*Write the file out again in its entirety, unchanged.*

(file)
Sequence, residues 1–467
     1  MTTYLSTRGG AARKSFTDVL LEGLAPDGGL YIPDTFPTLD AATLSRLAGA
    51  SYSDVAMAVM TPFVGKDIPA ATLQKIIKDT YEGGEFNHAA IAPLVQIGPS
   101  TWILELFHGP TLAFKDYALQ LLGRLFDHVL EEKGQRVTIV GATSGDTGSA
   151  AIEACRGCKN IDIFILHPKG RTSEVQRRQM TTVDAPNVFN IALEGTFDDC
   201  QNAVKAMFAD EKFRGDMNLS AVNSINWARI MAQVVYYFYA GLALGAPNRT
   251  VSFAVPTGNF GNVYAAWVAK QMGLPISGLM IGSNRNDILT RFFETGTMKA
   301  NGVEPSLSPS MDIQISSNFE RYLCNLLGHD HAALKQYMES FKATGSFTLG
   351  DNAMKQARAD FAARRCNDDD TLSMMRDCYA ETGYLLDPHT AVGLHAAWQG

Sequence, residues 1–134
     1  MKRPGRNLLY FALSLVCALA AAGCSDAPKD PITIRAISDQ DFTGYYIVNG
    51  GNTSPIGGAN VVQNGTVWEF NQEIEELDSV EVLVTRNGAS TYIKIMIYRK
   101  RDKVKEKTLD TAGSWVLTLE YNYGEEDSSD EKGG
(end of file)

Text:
Sequence, residues 1–467
     1  MTTYLSTRGG AARKSFTDVL LEGLAPDGGL YIPDTFPTLD AATLSRLAGA
    51  SYSDVAMAVM TPFVGKDIPA ATLQKIIKDT YEGGEFNHAA IAPLVQIGPS
   101  TWILELFHGP TLAFKDYALQ LLGRLFDHVL EEKGQRVTIV GATSGDTGSA
   151  AIEACRGCKN IDIFILHPKG RTSEVQRRQM TTVDAPNVFN IALEGTFDDC
   201  QNAVKAMFAD EKFRGDMNLS AVNSINWARI MAQVVYYFYA GLALGAPNRT
   251  VSFAVPTGNF GNVYAAWVAK QMGLPISGLM IGSNRNDILT RFFETGTMKA
   301  NGVEPSLSPS MDIQISSNFE RYLCNLLGHD HAALKQYMES FKATGSFTLG
   351  DNAMKQARAD FAARRCNDDD TLSMMRDCYA ETGYLLDPHT AVGLHAAWQG

Sequence, residues 1–134
     1  MKRPGRNLLY FALSLVCALA AAGCSDAPKD PITIRAISDQ DFTGYYIVNG
    51  GNTSPIGGAN VVQNGTVWEF NQEIEELDSV EVLVTRNGAS TYIKIMIYRK
   101  RDKVKEKTLD TAGSWVLTLE YNYGEEDSSD EKGG